"When students travel they don't carry grammar books, they carry dictionaries."
(Krashen in British Council Conference, Milan, 1987)
"without grammar very little can be conveyed,
without vocabulary, nothing can be conveyed."
Wilkins, D. (1972) Linguistics in Language Teaching. Edward Arnold.
"I can't guarantee that if you know
all the words you will be able to speak Chinese,
but I can guarantee that if you don't know the words you won't be able to." (unknown source)
CogALex stands for Cognitive Aspects of the Lexicon. It is a co-located workshop of COLING, the 25th International Conference on Computational Linguistics. COLING is organized by the Center for Global Intelligent Content (CGNL), taking place at the Helix Conference Center at Dublin City University (DCU) in Dublin, Ireland (from 23 - 29 August).
Starting with the Workshop on Enhancing and Using Electronic Dictionaries at COLING 2004 in Geneva, there have been the three follow-up workshops of the COGALEX series, each co-located with COLING (2008 : Manchester, 2010 : Beijing, 2012 : Mumbai). Encouraged by the enthusiasm and interest expressed by the participants of the first three COGALEX events, we propose another edition of the workshop. As with the preceding events our aim is to provide a forum for computational lexicographers, researchers in NLP, psychologists and users of lexical resources to share their knowledge and needs concerning the construction, organisation and use of a lexicon by people (lexical access) and machines (NLP, IR, data-mining). Like in the past, we will invite researchers to address various unsolved problems (see below), but this time we will add two features: one is devoted to a shared task (click here) where the system is meant to learn automatically how to find a word on the basis of its definition or associated terms, the other feature is ‘vocabulary learning’.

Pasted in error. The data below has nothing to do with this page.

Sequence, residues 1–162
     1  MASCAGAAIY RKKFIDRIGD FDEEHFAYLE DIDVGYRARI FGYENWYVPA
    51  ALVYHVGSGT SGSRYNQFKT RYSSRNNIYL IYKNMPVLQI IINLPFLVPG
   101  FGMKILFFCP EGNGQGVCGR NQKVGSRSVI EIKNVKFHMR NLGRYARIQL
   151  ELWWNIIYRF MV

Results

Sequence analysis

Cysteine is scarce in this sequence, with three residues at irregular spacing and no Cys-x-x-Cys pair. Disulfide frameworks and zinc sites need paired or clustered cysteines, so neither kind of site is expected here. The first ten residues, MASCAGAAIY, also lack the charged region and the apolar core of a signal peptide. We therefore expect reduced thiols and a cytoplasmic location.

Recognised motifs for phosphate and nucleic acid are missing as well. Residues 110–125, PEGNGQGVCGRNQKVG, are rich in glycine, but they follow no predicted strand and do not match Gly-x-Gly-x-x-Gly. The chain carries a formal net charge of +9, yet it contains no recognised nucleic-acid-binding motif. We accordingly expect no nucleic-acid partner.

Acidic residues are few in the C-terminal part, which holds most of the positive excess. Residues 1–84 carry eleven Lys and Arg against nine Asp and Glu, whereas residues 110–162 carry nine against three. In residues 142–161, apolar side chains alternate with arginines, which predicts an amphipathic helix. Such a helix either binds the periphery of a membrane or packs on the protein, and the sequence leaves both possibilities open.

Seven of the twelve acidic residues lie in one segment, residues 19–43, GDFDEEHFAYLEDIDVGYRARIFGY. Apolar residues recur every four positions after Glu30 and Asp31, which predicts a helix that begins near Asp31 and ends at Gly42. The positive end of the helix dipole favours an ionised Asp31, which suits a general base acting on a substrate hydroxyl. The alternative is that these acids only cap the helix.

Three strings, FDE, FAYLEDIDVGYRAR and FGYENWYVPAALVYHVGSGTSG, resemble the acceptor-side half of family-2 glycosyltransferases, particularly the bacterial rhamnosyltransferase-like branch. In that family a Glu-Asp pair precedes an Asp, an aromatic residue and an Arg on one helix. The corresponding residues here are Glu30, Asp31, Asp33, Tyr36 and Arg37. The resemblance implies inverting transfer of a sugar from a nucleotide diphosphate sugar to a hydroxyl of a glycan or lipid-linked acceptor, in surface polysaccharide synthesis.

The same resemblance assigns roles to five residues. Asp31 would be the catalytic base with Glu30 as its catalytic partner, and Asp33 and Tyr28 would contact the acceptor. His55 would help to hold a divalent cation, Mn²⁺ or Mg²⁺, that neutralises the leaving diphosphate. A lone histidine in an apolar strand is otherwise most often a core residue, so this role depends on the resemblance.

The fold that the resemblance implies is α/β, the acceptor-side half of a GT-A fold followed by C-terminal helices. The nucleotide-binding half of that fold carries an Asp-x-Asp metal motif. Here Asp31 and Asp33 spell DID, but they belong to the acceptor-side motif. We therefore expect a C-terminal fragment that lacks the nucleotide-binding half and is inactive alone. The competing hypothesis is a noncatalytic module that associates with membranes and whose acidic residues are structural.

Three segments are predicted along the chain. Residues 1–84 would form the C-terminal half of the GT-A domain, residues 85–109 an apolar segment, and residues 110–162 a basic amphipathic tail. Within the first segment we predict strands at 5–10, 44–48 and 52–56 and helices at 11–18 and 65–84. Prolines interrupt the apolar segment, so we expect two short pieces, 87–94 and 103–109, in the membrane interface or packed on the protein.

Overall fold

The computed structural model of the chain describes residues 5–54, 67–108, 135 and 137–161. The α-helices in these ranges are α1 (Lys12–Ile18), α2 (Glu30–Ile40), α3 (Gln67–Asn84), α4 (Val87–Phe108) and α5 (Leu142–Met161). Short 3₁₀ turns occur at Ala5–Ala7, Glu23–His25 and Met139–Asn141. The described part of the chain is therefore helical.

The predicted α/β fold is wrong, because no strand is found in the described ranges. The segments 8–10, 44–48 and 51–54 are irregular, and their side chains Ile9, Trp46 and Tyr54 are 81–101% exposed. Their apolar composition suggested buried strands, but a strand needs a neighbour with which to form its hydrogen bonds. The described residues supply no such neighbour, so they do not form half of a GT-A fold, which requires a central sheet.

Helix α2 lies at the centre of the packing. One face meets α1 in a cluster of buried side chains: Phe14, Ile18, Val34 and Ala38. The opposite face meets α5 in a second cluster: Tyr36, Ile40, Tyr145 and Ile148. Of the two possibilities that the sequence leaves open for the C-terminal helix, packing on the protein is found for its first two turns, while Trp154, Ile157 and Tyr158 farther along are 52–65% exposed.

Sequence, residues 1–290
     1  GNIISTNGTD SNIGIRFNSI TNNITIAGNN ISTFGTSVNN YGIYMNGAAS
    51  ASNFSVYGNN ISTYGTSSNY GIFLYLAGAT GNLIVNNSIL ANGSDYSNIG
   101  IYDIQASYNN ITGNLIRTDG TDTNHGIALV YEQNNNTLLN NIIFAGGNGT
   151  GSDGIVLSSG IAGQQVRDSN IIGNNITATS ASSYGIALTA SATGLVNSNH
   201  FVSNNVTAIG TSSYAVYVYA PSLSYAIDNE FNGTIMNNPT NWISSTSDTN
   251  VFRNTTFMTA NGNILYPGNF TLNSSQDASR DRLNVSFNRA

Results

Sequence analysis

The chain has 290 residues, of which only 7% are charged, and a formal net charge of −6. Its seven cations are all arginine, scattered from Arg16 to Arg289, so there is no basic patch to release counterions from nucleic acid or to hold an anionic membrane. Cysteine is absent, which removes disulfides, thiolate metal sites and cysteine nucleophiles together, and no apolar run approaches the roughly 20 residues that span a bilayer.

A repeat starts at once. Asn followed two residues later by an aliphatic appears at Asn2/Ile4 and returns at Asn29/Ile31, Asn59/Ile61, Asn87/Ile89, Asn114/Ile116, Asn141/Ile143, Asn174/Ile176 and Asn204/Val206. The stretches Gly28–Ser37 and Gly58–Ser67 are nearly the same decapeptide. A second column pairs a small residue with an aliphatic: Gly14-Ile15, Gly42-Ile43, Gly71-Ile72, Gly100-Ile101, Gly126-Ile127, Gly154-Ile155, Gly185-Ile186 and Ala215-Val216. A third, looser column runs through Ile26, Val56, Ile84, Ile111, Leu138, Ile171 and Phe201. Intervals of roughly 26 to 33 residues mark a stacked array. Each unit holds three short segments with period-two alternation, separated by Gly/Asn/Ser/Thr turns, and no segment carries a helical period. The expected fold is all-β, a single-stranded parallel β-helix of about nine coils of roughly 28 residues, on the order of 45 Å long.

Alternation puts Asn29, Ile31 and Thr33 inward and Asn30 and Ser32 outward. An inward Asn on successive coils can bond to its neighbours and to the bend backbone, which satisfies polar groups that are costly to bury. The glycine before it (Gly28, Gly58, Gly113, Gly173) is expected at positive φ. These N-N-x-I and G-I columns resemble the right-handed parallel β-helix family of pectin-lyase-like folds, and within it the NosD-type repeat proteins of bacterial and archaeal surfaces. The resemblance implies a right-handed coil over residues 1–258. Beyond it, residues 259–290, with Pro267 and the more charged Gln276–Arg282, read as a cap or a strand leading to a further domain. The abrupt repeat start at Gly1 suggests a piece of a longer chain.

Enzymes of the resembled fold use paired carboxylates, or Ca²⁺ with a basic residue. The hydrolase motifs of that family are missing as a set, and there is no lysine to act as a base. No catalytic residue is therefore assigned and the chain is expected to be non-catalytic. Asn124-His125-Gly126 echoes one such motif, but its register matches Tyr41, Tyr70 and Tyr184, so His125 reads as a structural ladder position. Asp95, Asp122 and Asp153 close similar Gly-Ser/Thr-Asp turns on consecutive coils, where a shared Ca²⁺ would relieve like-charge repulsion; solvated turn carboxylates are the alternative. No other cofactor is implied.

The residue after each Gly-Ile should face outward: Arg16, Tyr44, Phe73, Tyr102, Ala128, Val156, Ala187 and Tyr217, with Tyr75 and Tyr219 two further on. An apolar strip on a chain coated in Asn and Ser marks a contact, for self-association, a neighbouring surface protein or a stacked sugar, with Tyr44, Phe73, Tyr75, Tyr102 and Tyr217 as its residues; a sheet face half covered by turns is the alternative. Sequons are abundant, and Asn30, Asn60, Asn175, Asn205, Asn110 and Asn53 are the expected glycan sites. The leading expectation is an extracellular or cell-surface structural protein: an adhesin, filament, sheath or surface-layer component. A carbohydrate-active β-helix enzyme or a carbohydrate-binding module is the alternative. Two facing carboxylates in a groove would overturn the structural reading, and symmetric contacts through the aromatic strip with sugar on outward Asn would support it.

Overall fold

Vocabulary learning is understandably not a hot topic in computational linguistic, yet it is an important aspect of language learning, both in the mother tongue and in a foreign language. While having a rich stock of vocabulary is an asset, knowing the basic words and expressions is a must. Yet, naturally people tend to forget some of the words they (thought to) have learned. This is not just a question of exercice (quantity vs. quality). Traditional word lists or flash cards are clearly not the ultimate answer. They are not only boring, but also rarely very effective. There is so much more we could do these days by using corpora and computational linguistic know-how, to extract the to-be learned words from text and display them with their context. Hence, rather than having the user repeat single words (or word pairs) we could display them in various contexts (e.g. sentences), thereby making sure that the chosen ones correspond to the learners’ level and interests.
CNRS-LIF, Marseille (France). [Homepage]
LIF-AMU, Marseille (France) and University of Mainz (Germany). [Homepage]
Polytechnic University (Hong Kong). [Homepage]